Both running and wrestling have blessed our lives immeasurably, teaching our children self discipline, mental toughness and the value of hard work and dedication. We have watched our children run through extreme heat and humidity, rain, sleet, snow and gusting winds. Our children have ran more miles than I can begin to tally. They have known great triumphs and great disappointments.
While running is, as a whole, an individual sport. There is also a team aspect to it that most are unaware of. This year we saw the importance of pulling together as a team as never before. Cross country is the only sport that I know of where teams compete for the lowest score. It's simple really. Hundreds of kids line up at the starting line and points are scored by whatever place you finish. The first place finisher scores 1 point for his team, the 150th finisher scores 150 points. The team score is the sum of the team's top five finishers. Each of those top five runners is critical to the team. The top five teams with the lowest scores advance to the state meet that will be held next week. The state meet is the climax of every cross country season, where all of the best runners in the state come together in one huge race. It's a culmination of months of hard work.
This year our team endured a devastating blow when our number two runner suffered a broken bone in his foot last week. So it is that, as the team prepared for Saturday's meet, tensions were high. Each runner bearing the burden of the rest of the team. Each runner knowing that they had to step it up to make up for the points lost without our number two runner. Each runner knowing they had to run the fastest race of their life to pull their team to the state meet.
The tension was nearly palpable as our team prepared for the start of the race on a cold but beautiful Novemeber morning. Tears formed in my eyes, knowing that my days as a cross country parent our quickly drawing to an end. Jim and I have watched and cheered and loved this sport as middle school, high school and college level parents.
Our kids ran hard but they missed the mark, finishing with a team standing of sixth place by a mere five points. For the first time in many years, Jim and I will not stand along the sidelines as parents of one of the state runners. Still, I can't think of a time when I have ever been more proud of one of my kids. Brock closed out this season by taking nearly 20 seconds off of his previous best time. It was a cold day, which often causes stiff muscles and slower times. Additionally, the course is known for slower times because of many hills. But Brock fought hard. The whole team fought hard. The disappointment over not advancing to state was great but I am so proud of these young men.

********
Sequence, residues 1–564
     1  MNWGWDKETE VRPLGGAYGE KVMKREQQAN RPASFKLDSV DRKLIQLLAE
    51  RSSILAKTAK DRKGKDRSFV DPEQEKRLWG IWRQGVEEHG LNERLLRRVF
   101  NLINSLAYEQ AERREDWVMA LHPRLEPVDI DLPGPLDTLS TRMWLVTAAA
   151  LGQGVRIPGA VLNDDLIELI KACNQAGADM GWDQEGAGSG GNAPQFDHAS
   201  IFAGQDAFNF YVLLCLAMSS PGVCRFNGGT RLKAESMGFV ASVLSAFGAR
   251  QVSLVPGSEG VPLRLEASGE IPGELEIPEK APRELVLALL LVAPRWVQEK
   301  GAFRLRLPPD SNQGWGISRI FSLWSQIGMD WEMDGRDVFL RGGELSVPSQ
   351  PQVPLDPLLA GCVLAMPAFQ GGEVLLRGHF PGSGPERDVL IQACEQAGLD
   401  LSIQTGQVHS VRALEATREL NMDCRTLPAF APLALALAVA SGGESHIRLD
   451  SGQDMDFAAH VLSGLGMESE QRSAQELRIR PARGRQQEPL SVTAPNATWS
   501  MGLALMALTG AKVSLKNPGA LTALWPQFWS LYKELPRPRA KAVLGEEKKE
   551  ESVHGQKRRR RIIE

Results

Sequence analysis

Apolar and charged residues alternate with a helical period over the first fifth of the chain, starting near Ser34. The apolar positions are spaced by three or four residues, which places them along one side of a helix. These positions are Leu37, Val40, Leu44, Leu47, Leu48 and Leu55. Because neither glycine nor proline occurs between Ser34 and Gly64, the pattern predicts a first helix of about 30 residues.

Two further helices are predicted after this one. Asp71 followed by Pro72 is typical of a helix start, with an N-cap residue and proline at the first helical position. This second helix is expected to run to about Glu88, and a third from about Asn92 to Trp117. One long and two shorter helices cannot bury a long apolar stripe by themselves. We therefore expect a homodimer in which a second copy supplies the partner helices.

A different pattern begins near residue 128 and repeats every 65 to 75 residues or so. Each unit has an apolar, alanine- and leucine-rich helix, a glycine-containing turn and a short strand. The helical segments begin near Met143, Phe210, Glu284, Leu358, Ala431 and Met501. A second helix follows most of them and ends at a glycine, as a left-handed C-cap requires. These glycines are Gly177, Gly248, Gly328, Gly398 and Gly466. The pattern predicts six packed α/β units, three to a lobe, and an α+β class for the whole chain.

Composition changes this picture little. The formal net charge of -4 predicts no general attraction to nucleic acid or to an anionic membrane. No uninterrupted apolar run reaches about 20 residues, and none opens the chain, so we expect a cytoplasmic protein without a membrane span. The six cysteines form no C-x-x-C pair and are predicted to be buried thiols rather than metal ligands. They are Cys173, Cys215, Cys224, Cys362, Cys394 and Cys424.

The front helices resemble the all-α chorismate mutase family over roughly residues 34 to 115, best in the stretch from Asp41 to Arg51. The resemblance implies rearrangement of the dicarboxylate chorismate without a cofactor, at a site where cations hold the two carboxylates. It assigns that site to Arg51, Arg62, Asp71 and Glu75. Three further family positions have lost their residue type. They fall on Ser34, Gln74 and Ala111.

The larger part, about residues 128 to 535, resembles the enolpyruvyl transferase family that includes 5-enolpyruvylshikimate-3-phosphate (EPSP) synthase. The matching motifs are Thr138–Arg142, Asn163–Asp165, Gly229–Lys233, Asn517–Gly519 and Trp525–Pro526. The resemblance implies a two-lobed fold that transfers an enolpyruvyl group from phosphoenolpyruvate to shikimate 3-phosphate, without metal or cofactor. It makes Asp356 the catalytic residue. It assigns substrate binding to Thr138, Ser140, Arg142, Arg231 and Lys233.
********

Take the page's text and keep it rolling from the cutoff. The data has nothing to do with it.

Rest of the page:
And Brock? There is nothing to not be proud of when one gives their all. We couldn't ask anything more of him. He dug down deep inside of himself and found that he there was room for improvement. He found that he had a little more to give for his team and a coach who has helped to mold and shape him. A coach who loves his runners, who mentors them, not just to be better runners but to be better human beings.
Running is so much like life. We're all in a race. Sometimes we win. Sometimes we don't.... and that's okay. Sometimes it hurts so bad but the pain makes us better. We keep fighting, even when we have nothing left to give. We dig down deep inside of ourselves to find there's still more. It's about finishing the course with dignity. And winning or losing, God give us grace for it all.
I have fought the good fight, I have finished the race, I have kept the faith. Henceforth there is laid up for me the crown of righteousness, which the Lord, the righteous judge, will award to me on that Day, and not only to me but also to all who have loved his appearing. Do your best to come to me soon.
II Timothy 4:7-9
God is good, all the time